© The Amer i c an Sc hool of Cl as s i c al St udi es at At hens hesperi a 83 ( 201 4) Pages 447–493 Making Sense of Nonsense Inscriptions Associated with Amazons and Scythians on Athenian Vases ABSTRACT More than 1,500 “nonsense” inscriptions appear on ancient Athenian vases. We ask whether some of those inscriptions associated with depictions of Scythians and Amazons might represent meaningful sounds in foreign languages spoken in the Black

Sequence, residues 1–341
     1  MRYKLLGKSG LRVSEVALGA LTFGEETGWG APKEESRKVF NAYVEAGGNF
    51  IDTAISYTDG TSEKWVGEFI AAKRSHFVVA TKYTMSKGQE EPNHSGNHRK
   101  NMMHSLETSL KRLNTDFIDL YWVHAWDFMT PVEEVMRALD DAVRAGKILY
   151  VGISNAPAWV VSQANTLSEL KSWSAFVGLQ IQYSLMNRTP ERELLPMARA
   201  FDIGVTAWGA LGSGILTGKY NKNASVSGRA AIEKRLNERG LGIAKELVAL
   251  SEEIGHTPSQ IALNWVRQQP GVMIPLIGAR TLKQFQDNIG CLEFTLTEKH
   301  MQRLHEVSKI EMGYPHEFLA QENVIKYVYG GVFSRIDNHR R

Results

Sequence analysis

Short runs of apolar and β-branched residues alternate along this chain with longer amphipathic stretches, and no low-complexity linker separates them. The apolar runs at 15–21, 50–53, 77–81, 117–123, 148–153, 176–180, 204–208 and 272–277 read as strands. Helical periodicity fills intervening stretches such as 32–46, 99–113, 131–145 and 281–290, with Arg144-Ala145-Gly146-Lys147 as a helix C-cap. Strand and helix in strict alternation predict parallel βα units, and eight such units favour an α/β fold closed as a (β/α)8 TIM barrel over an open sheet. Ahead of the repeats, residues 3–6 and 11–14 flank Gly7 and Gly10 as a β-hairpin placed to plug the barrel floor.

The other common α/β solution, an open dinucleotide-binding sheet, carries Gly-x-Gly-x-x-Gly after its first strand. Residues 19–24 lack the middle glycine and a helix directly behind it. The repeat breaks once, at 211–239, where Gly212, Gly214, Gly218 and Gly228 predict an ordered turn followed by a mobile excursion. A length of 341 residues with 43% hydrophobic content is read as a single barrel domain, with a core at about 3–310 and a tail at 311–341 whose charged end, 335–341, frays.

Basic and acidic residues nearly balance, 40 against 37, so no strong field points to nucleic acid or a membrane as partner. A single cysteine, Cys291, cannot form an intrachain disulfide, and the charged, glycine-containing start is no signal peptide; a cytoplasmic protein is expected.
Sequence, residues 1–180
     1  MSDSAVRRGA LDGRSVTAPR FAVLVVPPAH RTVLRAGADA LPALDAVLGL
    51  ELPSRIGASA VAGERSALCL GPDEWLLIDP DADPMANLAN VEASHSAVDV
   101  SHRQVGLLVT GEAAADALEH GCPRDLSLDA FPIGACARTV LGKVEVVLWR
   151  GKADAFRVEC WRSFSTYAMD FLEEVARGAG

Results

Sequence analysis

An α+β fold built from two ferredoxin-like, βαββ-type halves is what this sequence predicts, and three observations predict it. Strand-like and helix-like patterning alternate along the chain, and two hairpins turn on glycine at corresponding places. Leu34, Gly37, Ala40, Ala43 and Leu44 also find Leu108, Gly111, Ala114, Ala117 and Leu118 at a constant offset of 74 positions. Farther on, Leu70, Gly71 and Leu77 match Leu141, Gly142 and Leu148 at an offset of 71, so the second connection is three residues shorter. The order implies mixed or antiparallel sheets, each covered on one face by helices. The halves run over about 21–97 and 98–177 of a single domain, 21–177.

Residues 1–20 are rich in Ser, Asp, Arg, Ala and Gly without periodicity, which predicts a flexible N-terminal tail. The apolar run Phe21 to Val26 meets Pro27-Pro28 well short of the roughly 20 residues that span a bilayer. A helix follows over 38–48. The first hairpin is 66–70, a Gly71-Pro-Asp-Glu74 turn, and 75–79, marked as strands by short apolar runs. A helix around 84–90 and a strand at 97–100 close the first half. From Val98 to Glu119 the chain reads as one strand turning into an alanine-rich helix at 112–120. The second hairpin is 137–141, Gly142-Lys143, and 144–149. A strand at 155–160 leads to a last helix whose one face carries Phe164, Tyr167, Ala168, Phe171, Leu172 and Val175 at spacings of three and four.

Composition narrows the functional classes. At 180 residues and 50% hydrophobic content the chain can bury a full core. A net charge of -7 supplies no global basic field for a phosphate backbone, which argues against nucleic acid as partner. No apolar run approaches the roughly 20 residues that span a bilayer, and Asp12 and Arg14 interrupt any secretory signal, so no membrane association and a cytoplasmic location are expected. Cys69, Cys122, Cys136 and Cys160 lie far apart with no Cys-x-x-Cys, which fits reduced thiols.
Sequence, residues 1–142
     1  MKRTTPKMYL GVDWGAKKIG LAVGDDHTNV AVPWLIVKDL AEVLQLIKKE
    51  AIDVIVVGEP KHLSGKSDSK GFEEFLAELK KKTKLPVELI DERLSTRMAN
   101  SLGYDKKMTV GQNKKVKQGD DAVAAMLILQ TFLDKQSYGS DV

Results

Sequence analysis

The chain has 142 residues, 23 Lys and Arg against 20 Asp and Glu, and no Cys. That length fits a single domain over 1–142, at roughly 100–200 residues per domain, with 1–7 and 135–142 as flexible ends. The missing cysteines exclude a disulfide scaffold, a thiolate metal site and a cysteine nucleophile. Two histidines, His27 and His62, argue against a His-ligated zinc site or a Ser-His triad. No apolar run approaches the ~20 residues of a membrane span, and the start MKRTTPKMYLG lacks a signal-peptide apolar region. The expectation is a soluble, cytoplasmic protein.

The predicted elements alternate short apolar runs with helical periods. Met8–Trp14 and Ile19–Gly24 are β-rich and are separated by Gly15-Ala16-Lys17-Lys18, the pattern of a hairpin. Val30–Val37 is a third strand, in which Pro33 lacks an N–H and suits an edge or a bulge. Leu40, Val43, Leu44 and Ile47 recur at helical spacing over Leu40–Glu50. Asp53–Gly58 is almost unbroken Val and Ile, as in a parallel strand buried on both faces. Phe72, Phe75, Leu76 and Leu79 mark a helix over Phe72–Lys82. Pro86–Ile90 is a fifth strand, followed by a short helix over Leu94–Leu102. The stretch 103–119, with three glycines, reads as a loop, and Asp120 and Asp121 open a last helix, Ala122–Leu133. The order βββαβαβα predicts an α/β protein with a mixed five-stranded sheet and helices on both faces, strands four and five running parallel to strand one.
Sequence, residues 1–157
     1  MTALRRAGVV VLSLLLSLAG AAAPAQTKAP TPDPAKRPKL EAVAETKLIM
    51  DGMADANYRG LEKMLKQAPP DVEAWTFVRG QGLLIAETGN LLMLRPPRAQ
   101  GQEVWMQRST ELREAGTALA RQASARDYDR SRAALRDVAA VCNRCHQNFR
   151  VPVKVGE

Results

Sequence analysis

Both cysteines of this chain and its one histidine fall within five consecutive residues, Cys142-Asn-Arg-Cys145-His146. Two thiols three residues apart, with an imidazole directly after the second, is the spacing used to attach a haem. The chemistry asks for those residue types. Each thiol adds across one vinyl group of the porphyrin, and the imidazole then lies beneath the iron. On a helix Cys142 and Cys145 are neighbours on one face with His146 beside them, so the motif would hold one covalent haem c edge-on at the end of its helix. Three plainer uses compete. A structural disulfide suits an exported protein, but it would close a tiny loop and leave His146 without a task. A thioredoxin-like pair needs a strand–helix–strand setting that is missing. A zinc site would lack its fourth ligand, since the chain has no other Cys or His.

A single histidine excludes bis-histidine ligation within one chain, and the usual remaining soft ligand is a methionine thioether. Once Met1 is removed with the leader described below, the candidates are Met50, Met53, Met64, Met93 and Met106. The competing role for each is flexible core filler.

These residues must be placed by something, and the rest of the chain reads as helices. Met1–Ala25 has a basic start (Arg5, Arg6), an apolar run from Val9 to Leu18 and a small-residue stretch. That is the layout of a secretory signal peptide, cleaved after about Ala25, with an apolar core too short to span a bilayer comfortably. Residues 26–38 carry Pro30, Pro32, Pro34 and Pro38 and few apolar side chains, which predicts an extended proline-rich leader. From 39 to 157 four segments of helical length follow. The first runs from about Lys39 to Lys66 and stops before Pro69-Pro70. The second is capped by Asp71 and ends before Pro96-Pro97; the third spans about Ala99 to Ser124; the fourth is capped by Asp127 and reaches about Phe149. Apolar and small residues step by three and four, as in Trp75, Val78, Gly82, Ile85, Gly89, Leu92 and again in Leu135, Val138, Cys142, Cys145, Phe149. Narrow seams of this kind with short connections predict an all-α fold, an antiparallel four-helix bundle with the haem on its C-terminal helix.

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  © The American School of Classical Studies at Athens hesperia 83 (2014) Pages 447–493 Making Sense of Nonsense Inscriptions Associated with Amazons and Scythians on Athenian Vases  ABSTRACT More than 1,500 “nonsense” inscriptions appear on ancient Athenian vases.  We ask whether some of those inscriptions associated with depictions of Scythians and Amazons might represent meaningful sounds in foreign languages spoken in the Black Sea and Caucasus region. Analysis of the linguistic patterns of nonsense inscriptions on 12 vases of the Late Archaic and Early Classical periods reveals that some can be interpreted as names and other words in ancient forms of Iranian, Abkhazian, Circassian, Ubykh, and Georgian. These inscriptions constitute the earliest written evidence for Caucasian languages, and shed light on questions of Greco-Scythian relations, ethnicity, literacy, bilingualism, and iconography. Greek inscriptions, used as signatures or labels for figures, are familiar fea-tures of ancient Athenian vase paintings. 1  Equally familiar are depictions of non-Greek figures, such as those traditionally identified as “Scythians.” Is it possible that some foreign names or words with roots in ancient Iranian, Abkhazian, Circassian, or other languages of the Black Sea and Caucasus region (part of ancient “Scythia”) were transliterated into Greek script on Attic vases? This article focuses on a group of puzzling inscriptions, com-monly described as “nonsense” inscriptions, which consist of non-Greek names and strings of Greek letters that do not match known Greek words. More than 1,500 nonsense inscriptions (about one-third of all known Attic 1. We thank Judith Barringer, Christopher Beckwith, John Boardman, David Braund, Thomas Carpenter, An- drew Clark, Sean Corner, Eric Csapo, Martine Denoyelle, Richard Green,  William Hansen, Mary Louise Hart, Michael Heaney, Guy Hedreen, Henry Immerwahr, Askold Ivantchik, Claire Lyons, Victor Mair, Alexis Manaster Ramer, Joan Mertens, Caspar Meyer, Heide Mommsen, Mary Moore, John Oakley, Josiah Ober, Robin Osborne, Michael Padgett, Alexandra Pappas, Ann Patnaude, Christopher Pelling, Seth Pevnick, Nicholas Sims-Williams, Anthony Snodgrass, Oliver Taplin, Gocha Tsetskhladze, Brent Vine, Rudolf Wachter, and Christine Walter for their valuable comments, critiques, questions, and suggestions on early drafts. Thanks also go to the four anon- ymous readers for thoughtful sugges-tions. We deeply appreciate the enthu-siasm and patience of the splendid Hesperia   editors. A preliminary version of this paper appeared on the Princeton- Stanford Working Papers in Classics  website in 2012. Adrienne Mayor began this project in 2010 as a guest researcher in the Getty Resident Scholars program (thanks to Kenneth Lapatin and Karol Wight); she would like to thank her brother Mark Mayor for the insight that “silly” words can have meaning.  a. mayor, j. colarusso, and d. saunders448  vase inscriptions) have been catalogued, yet they are little studied. Several categories can be defined: Henry Immerwahr identifies “mock and near-sense inscriptions, meaningless inscriptions, imitation inscriptions or letters, and blots or dots.” 2  It seems worth asking whether some foreign names and non-Greek words might have been inscribed on Athenian vases as  well. As far as we know, however, no one has yet undertaken a systematic linguistic investigation of “meaningless” vase inscriptions accompanying depictions of foreign figures. 3 In this preliminary study, we look at a set of vases of the Late Archaic and Early Classical periods (ca. 550–450 b.c. ) that have cryptic strings of letters or foreign-sounding words associated with depictions of Scythians and Amazons. 4  “Scythian,” a fluid term even in antiquity, does not describe a single ethnic group but is a conventional collective term for the extensive network of loosely connected, culturally similar peoples of the vast territory of “Scythia,” which stretched from the Black Sea and Caucasus region to Central Asia. 5  These diverse, nomadic men and women of Eurasia did not refer to themselves as Scythians, of course; the name was used by the Greeks to refer to many culturally related tribes, each of which (as Greek  writers acknowledged) had their own ethnonyms, customs, histories, and dialects. 6  In relation to the vases studied here, we use the term “Scythian” to refer to male archers wearing distinctive Eastern (“Oriental”) attire: a quiver; a soft or pointed cap with or without lappets; a belted, patterned tunic and/or leggings; and/or soft, cuffed boots. Amazons are female war-riors of Greek myth inspired by the lifestyles of nomadic Scythians, and in Athenian vase painting they are often similarly attired. 7   We ask whether some of the nonsense inscriptions associated with these figures might be instances of glottographic writing. Were some  vase painters attempting to render phonetically in the Greek alphabet the sounds of words in a language they heard spoken but perhaps did not 2. Thousands of inscribed vases are catalogued in Immerwahr’s Corpus of Attic Vase Inscriptions (CAVI), now integrated, updated, and expanded by Rudolf Wachter in the Attic Vase Inscriptions (AVI) project (www.avi For types of nonsense, see Immerwahr 1990, p. 44; 2006; 2007, pp. 153, 155, 160, 163–164, 167–170, 174; Wachter 2001, pp. 153–154; Pap-pas 2012. For the vases discussed here,  we provide, where available, references to  ABV,    ARV  2 , Paralipomena,  and Beaz-ley,  Addenda  2  (  Add. 2 ), as well as num-bers in AVI and in the Beazley Archive Database (BAD) (www.beazley.ox Art historian Karl Lehmann-Hartleben (1894–1960) once expressed the opinion that some nonsense in- scriptions were foreign languages, but he did not publish on the topic (H. Immerwahr, pers. comm.). For non-Attic inscriptions on Athenian  vases, see, e.g., the Sikyonian inscrip-tion on a dinos by Exekias (Rome, Villa Giulia 50.599;  ABV   146.20, 686;  Add. 2  61; BAD 310402; AVI 7202). Baurain-Rebillard (1998, pp. 75–84) suggests that inscriptions on an Attic vase by Sophilos found in Pharsalos represent the Thessalian dialect (Athens, Na- tional Archaeological Museum 15.499;  ABV   39.16, 682; Paralipomena   18;  Add. 2  10; BAD 305075; AVI 097). For instances of Etruscan and Egyptian on  vases, see Gill 1987; Bresson 2000.4. One can retrieve more than 1,500 records of nonsense inscriptions, as well as more than 200 vases depicting Ama-zons and about 40 depicting male Scythians and archers in elements of “Eastern” garb, from Wachter’s AVI database (see n. 2, above) by searching for the words “nonsense,” “Amazon,” “Scythian,” “Oriental,” and “Persian.”5. Hdt. 4.1–142, esp. 4.21, 4.47–57; Rolle 1989; Braund 2005; Ivantchik 2006; Tsetskhladze 2008.6. Strabo 7.3.7–9, 11.6.2–11.11.8 [C300–303, 507–520]. Herodotos (4.5–6) preserves a myth of common descent that suggests that some Scyth-ians of the northern Black Sea area identified themselves as something like an ethnic group.7. On Scythian attire, see Shapiro 1983; Gleba 2008. Many of these Scythian costume elements (individu-ally and in combination) are also used by Attic vase painters in depictions of Persians. Often it is difficult to identify such figures as anything other than “Oriental”; for a brief overview of the complexities, see Raeck 1981, p. 102; Sparkes 1997, pp. 137–139, 142–144. Ivantchik (2006, p. 218) maintains that Amazons “of course have nothing to do  with Scythians.”  making sense of nonsense inscriptions449 understand? Are some foreign-sounding names on vases meaningful in non-Greek tongues? The answers to these questions should be of interest to classicists, ancient historians, art historians, scholars of vase painting, epigraphers, and linguists. They are also relevant to the question of whether distinctive Scythian-style costumes depicted on vases indicate the ethnicity, in a broad sense, of the wearers. Textual and archaeological evidence points to an “extremely close but uneasy” relationship between Greeks and Scythians in the 6th and 5th cen- turies b.c. , followed by a period of “intense mutual integration and trade” in the 4th century b.c. 8  The various tribes of “Scythia” (the inclusive term used by the Greeks for the lands stretching from the northern Black Sea and Caucasus region to the Caspian Sea and beyond) aroused interest and cu-riosity among classical Greeks. Literary and artistic evidence demonstrates that a rich imaginary realm was created for the legendary Amazons, who  were strongly associated with Scythian culture. 9  Male archers in Scythian costume and Amazons began to appear on Athenian vase paintings by about 570 b.c.  Male archers in Scythian costume faded from favor by the time of the Persian invasions in the early 5th century b.c. , but Amazons in “Oriental” costume remained extremely popular in vase paintings well into the 4th century b.c. 10 GREEKS AND SCYTHIANS: MYTH, HISTORY, LITERATURE, AND ART It is reasonable to assume that at least some Scythian individuals were on occasion present in 6th-century Athens, and that Greeks, especially those  with ties to Black Sea colonies and trade, were aware of Scythians during the period in which the vases under consideration were made. 11  Notably, in Greek written sources (e.g., Hdt. 1.215, 7.64), Scythians are “identified by and with their clothing” (pointed hats, trousers) and weaponry (bows). 12  Scythians are depicted in elements of this attire in Persian and Scythian iconography as well. 13  Moreover, the distinctive hats (soft with flaps or pointed), tunics and trousers with zigzag patterns, boots, and quivers worn by Scythians and Amazons in vase paintings match the headgear, cloth-ing, patterned textiles, and other artifacts discovered in Scythian graves of armed men and women of the 6th to 3rd centuries b.c. 14 8. Moreno 2007, p 146.9. For Scythian-Greek relations from the 6th to 4th centuries b.c. , see Braund 2005, 2011; Moreno 2007, pp. 144–208. Amazons were associated with Scythians by many Greek and Roman writers, from Herodotos to Orosius; see, e.g., Sha- piro 1983.10. On Scythians, Amazons, and foreigners in vase paintings, see Vos 1963; Raeck 1981, pp. 10–66; Lis- sarrague 1990; Cohen 2000, 2012; Barringer 2004. For Amazons asso- ciated with Persians in the 5th cen- tury b.c. , see Castriota 1992, pp. 44– 103.11. See, for example, Braund and  Tsetskhladze 1989; Rolle 1989, p. 129; Baughman 2003; Braund 2005.12. Gleba 2008, p. 14.13. Gleba 2008, pp. 17–19. See also Lubotsky 2002, p. 189.14. Rolle 1989, pp. 41, 47, 58, 60– 61, 82, 95–98; Gleba 2008, pp. 25–27; Mayor 2014, pp. 109, 199–208.  a. mayor, j. colarusso, and d. saunders450 In recent decades, scholars of vase painting have proposed alternative approaches to comprehending the appearance of these figures. Rather than focusing on the elements of their clothing as possible markers of ethnic identity, the figures in Scythian garb are now studied in the context of the scenes in which they occur as well as the figures that they accompany. The Structuralist school of iconographic interpretation, in particular, puts a strong emphasis on the interpretation of Scythians and Amazons not as elements of Athenian historical reality, but as representatives of the “Other,” or as generic markers of myth or epic. 15  Lissarrague, for example, maintains that Scythians stand for “outsiders” in Greek art. He also suggests that some nonsense inscriptions somehow functioned to jog the viewer’s memory of a mythic story. 16  Building on Lissarrague’s structuralist approach, and on an idea first advanced by Plassart in 1913, Ivantchik holds that the Scythian attire of male archers on vases, even those with non-Greek facial features and/or Scythian name labels, is not a marker of foreign ethnicity, but rather an artistic convention to indicate low-status Greek archers. 17  If, however, some vase inscriptions associated with male and female archers in Scyth-ian costume can be deciphered as genuine Scythian words or names, as  we argue here, then it seems plausible that foreign ethnicity was implied at least in some cases. 18 More than 130 names for Amazons are known from ancient Greek literature and art, and the majority—about 70—are known only from their occurrence as labels on Greek pottery. 19  It has been argued that “all the known names of Amazons, including those that have survived on vases, are Greek.” 20  While names assigned to Amazons in literary sources are etymo-logically Greek, the purely Greek character of Amazon names on vases is questionable. Some names, such as Andromache, Hippolyte, and Antiope, are familiar from ancient Greek literature. But the term “Amazon” itself was not srcinally a Greek word, and several of the Amazon names found on  vases, such as Skyleia, Oigme, Gugamis, and Barkida (discussed below), are non-Greek as well. Likewise, some names attached to males in Scythian at-tire, such as Skythes and Kimerios, seem to allude to non-Greek ethnicity. 21  The Greeks made contact with the Scythians in the 8th and 7th cen- turies b.c. , and by the 6th century b.c. , many Greek colonies had been established around the northern Black Sea coast (Fig. 1). Again, it is important to keep in mind that the Greeks thought of all of the di- verse tribes of the northern Black Sea, Caucasus, and steppe regions as “Scythians,” much as modern Europeans applied the term “Indians” to all 15. On the Scythians as “Other,”  with no relationship to the historical presence of Scythians in Athens, see Lissarrague 1990; 2001, pp. 30, 84; 2002; Barringer 2004, p. 13; Osborne 2004; Ivantchik 2006; Shapiro 2009.16. Lissarrague 1990; 2001, p. 84.17. Plassart 1913, pp. 172–175, cited in Ivantchik 2006, p. 200, n. 9. Both Ivantchik (2006, pp. 218–219) and Sha- piro (2009, p. 335) specifically exclude Amazons from their arguments against ethnic meanings of Scythian attire on  vases. For a recent critique of Ivantchik’s argument, see Cohen 2012, pp. 469–475, on non-Greeks in Greek art.18. Tsetskhladze (2008) surveys the obstacles surrounding the attempt to determine ethnicity from proper names in antiquity.19. More than a thousand images of Amazons on Greek vases are listed in Bothmer 1957; see also the “Index of Inscribed Names of Amazons,” p. 234. For a comprehensive list of Amazon names, see LIMC   I, 1981, p. 653, s.v. Amazones (P. Devambez and A. Kauff-mann-Samaras). See now also Mayor 2014, pp. 237–242, 431–437.20. Ivantchik 2006, p. 218.21. On the word “Amazon,” see p. 455, below, and Blok 1995, pp. 21– 37, 156–171; Mayor 2014, pp. 21–25, 85–88, On ethnicity and names, see Ivantchik 2006, pp. 218, 222; Tsets- khladze 2008.